Parents, pray for your children
Parents should start praying for their children from the moment they learn of their conception. And they should never stop praying and talking to God about their children. Our homes are the primary schools of religious education, and we are teachers. We parents should never stop learning how to more effectively communicate love, self-esteem, respect, and the truths of our faith to our children.
Keep in mind
Here is something that parents can keep in mind as they carry on the Christian education of their children:
- Let me do it myself and I will understand.
- You tell me and I will forget.
- You show me and I will remember.
The first tip reminds us of the fact that our children better understand the things that they do themselves. This is to say that our actions and faith expressions have to be genuine and faithful to our Orthodox Faith. Our children closely observe our actions and expressions, and they mirror everything that we do. This is no small responsibility. Studies indicate that children remember 90% of the things that they do.
The second tip tells us that it is not enough to just once orally communicate a certain truth. It has to be followed up many times, and if necessary demonstrated. Study shows that children remember only around 10% of the heard information.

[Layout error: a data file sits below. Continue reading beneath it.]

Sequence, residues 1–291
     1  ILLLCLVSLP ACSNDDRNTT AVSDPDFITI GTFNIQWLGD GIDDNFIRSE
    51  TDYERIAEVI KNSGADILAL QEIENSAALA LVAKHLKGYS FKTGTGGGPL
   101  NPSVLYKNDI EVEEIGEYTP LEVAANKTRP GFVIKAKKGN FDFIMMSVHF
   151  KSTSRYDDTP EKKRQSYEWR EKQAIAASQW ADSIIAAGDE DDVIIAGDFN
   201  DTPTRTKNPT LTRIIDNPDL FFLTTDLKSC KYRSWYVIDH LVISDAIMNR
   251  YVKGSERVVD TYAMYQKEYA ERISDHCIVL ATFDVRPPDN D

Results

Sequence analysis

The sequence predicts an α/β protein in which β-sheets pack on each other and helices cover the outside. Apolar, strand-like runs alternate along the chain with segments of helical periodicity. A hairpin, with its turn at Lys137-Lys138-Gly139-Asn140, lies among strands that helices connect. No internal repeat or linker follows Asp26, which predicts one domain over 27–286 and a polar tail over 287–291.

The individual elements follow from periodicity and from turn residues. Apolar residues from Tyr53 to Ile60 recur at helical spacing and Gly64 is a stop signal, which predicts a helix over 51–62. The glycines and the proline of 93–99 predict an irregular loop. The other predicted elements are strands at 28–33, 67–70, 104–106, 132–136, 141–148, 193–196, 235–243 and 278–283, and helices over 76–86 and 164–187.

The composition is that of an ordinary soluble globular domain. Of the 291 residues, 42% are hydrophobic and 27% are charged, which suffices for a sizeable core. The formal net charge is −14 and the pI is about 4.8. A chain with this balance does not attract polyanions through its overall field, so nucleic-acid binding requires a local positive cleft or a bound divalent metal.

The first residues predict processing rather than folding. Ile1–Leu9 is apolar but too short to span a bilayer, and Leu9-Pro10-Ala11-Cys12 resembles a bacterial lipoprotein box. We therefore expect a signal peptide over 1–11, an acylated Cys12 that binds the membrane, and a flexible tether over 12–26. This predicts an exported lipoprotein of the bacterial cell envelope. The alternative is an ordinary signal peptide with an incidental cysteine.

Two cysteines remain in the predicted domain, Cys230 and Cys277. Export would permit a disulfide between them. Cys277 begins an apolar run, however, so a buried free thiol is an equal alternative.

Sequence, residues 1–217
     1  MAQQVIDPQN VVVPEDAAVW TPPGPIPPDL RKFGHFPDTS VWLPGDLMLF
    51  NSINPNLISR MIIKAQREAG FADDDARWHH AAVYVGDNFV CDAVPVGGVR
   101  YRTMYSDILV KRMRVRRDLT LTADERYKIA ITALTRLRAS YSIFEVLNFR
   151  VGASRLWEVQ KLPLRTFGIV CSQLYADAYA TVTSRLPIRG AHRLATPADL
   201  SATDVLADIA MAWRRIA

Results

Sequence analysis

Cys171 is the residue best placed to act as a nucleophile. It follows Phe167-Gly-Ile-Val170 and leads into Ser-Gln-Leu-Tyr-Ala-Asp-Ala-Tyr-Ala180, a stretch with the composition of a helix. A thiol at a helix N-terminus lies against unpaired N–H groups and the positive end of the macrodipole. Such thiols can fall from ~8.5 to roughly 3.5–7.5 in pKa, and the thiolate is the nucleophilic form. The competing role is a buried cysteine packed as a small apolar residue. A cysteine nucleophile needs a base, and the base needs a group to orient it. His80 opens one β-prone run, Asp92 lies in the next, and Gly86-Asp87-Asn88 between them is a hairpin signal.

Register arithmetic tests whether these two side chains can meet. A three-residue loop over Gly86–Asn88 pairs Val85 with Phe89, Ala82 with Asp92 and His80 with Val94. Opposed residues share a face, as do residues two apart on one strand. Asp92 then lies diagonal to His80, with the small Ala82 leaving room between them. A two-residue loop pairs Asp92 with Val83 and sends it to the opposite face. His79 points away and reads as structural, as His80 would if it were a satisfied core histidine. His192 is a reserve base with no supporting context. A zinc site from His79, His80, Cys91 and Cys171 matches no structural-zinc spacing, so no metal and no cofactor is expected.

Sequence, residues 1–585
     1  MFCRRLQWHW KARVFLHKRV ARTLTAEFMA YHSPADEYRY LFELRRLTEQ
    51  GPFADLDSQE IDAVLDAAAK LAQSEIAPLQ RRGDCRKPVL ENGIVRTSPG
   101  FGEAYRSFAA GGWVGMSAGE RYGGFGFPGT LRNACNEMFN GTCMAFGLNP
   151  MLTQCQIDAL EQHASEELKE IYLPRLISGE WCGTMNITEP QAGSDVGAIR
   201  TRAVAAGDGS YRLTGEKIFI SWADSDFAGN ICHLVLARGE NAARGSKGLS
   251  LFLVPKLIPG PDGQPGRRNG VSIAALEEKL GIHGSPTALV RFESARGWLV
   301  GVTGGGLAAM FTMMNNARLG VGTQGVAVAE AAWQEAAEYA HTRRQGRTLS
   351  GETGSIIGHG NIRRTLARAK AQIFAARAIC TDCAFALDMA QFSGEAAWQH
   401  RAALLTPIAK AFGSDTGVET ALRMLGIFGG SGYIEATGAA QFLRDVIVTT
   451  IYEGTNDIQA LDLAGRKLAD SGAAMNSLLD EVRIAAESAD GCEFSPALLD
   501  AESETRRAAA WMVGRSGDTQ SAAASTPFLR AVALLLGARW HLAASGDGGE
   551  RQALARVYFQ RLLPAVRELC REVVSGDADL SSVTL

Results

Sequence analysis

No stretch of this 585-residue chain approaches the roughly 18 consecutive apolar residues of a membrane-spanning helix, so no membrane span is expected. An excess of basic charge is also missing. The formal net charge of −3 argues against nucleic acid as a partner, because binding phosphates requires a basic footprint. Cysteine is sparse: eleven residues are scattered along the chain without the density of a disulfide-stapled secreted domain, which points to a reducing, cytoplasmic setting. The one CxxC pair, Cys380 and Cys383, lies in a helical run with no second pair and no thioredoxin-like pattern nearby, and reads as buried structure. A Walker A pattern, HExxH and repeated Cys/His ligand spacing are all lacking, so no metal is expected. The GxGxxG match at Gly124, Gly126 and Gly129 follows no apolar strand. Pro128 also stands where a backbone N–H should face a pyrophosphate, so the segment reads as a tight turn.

The third tip is very much tied to the first one. It is necessary to demonstrate to a child how to make a prostration, the sign of the cross, or how to venerate an icon, etc., but they should also be given an opportunity to do these things on their own. This way we build confidence and self worth. Study indicates that children retain 50% of the things demonstrated.
The main ‘university’ of our Christian Education is our home and our parents are our teachers. The secondary ‘university’ of our Christian Education is the community or parish. Parents, clergy, and fellow parishioners have a great responsibility in utilizing all the available resources and adjusting the curriculum to their home and parish needs.
God and Church have to have priority in our lives. We need to make every effort in bringing our children to church regularly, but most especially to the Divine Liturgy. The services of the Holy Orthodox Church are great teaching tools. It is imperative to explain the meaning of each service as well as encourage more active participation.
Our Orthodox Church, aside from the Bible, has great spiritual wisdom deposited in the writings of the Holy Fathers, Her sacred history, the Lives of saints, hymnography, etc. All we have to do is dig deep with only one desire: to “seek the Kingdom of God and His righteousness.”
May it be blessed
May the official beginning of Church School classes in the parishes of our diocese be viewed as another opportunity to grow in faith; an opportunity to build up the Church, the Body of Christ, and to grow into infinite communion with the Triune God: Father, Son, and Holy Spirit. May God grant it!